Not only did the Nats lose again yesterday (5-0 against the Astros), they did so with another freakshow play. The team had a pitcher balk while trying to give an intentional walk. Tyler Clippard tripped mid-delivery, stumbling off the mound, allowing a runner from third to score.
After the game, Manny Acta said, " "I've never seen it before in my life. I've seen guys commit balks like that, but not while you're walking a guy intentionally."
Well, now that's the last oddball play the ol' Manny-ger is going to see in a Nats uniform. After a 26-61 first half performance, the Nats have mercifully let Acta go.
Acta managed the Nats to increasingly miserable seasons. The team's record got worse and worse every year, and many of the small problems that plagued the team the first season never got better. As it stands now, Acta's winning percentage is the 10th worst of all time.
For Nats fans, Manny was frustrating to watch. While it's true that a manager's ability to influence wins and losses during a game is limited, Acta took that to its absurd conclusion. While Rome burned, Manny stood there, staring glassy eyed at some fixed point in the distance.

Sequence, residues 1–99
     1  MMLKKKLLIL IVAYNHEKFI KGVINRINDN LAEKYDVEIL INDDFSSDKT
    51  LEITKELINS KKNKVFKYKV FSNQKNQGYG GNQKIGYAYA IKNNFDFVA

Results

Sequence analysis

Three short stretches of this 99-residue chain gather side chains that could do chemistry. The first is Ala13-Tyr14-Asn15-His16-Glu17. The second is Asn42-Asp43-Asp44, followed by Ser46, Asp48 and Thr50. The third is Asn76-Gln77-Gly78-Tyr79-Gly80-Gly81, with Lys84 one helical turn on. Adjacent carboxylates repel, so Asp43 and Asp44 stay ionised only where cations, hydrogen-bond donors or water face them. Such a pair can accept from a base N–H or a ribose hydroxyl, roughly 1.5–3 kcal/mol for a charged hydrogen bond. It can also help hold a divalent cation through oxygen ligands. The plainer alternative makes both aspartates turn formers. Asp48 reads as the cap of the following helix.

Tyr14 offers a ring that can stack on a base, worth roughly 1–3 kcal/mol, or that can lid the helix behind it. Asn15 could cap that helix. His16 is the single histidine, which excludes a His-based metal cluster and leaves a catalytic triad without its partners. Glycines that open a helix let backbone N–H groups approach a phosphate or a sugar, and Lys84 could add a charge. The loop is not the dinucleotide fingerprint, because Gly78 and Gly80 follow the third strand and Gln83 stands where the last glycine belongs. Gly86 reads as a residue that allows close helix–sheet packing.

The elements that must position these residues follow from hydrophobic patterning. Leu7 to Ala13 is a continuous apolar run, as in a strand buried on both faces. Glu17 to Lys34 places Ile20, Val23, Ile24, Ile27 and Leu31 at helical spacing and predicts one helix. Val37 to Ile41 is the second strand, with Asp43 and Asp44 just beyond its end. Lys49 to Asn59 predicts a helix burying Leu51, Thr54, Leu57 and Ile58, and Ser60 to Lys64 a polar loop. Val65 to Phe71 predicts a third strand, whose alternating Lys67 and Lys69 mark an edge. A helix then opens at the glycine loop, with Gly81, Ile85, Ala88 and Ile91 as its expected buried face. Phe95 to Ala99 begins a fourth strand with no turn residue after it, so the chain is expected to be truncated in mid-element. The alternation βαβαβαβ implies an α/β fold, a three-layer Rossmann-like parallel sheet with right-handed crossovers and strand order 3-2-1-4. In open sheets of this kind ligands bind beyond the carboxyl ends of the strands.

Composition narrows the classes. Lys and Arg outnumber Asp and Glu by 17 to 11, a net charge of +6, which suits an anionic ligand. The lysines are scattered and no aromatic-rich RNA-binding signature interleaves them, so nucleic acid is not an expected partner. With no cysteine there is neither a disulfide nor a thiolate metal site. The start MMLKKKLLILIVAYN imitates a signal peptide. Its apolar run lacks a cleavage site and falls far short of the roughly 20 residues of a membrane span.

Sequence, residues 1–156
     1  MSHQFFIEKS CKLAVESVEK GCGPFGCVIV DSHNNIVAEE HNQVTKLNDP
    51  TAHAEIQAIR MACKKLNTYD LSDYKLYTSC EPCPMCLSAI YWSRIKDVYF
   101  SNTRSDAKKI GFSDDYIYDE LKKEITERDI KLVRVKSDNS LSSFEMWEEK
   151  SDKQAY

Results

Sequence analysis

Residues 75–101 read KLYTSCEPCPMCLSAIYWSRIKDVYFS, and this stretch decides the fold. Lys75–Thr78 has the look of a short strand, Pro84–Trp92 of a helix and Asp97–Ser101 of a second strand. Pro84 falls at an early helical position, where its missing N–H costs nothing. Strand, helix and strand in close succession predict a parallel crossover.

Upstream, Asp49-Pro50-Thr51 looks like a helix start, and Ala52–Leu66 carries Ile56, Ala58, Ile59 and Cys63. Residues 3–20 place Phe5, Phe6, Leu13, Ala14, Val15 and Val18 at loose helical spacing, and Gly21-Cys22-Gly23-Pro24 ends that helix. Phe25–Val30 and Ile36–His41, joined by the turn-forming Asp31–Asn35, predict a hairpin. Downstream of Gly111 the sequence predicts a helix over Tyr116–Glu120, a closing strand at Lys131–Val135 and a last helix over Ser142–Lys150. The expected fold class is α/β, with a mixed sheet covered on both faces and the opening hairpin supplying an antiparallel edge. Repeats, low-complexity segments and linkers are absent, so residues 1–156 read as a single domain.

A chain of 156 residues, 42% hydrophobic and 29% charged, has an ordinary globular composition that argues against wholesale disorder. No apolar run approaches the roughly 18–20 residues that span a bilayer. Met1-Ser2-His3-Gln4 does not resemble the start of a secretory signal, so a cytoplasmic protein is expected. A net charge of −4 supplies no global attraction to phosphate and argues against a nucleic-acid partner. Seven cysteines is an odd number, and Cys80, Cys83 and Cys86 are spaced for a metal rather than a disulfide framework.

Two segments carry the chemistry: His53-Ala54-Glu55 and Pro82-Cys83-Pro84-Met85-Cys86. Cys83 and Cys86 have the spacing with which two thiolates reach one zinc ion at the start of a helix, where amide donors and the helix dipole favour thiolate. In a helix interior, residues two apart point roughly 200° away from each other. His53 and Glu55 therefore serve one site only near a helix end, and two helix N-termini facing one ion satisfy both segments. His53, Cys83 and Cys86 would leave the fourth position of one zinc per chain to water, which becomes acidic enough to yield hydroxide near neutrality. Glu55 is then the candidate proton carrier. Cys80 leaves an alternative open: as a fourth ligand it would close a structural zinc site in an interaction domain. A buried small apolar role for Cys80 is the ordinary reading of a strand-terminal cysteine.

Acta's the ultimate pacifist, believing so much in his heart that any act of aggression or hostility toward an umpire is beyond the pale. Even on a few cases where it seemed like the Nats got screwed by a call, Manny just stood there, taking it on his chin.
For Manny, there was no dimmer switch on arguing. He seemed to believe that you were either completely passive or a raging 'roid-hound. There was no in-between.
Consequently, he never backed up his players during the game, and rarely argued calls.
And as the long season wore on with losses mounting from little errors that constantly went uncorrected, you could see Acta's patience wearing. Increasingly, Acta framed his comments about players to distance himself. "Look, that these guys suck isn't my fault" he seemed to be saying.
And while there's some truth to it -- no amount or managing is going to make Ron Belliard useful again -- there's a whole lot of truth that Acta put some players into positions to fail (like with Milledge) and never really held the players accountable in a way a manager probably needs to do.
Acta will move on elsewhere and probably have success. He didn't in Washington, and things weren't improving. The time was right for Manny. And it was certainly right for the Nats.
Chris Needham used to write Capitol Punishment. He's working on his Fire Riggleman Web site as you read this.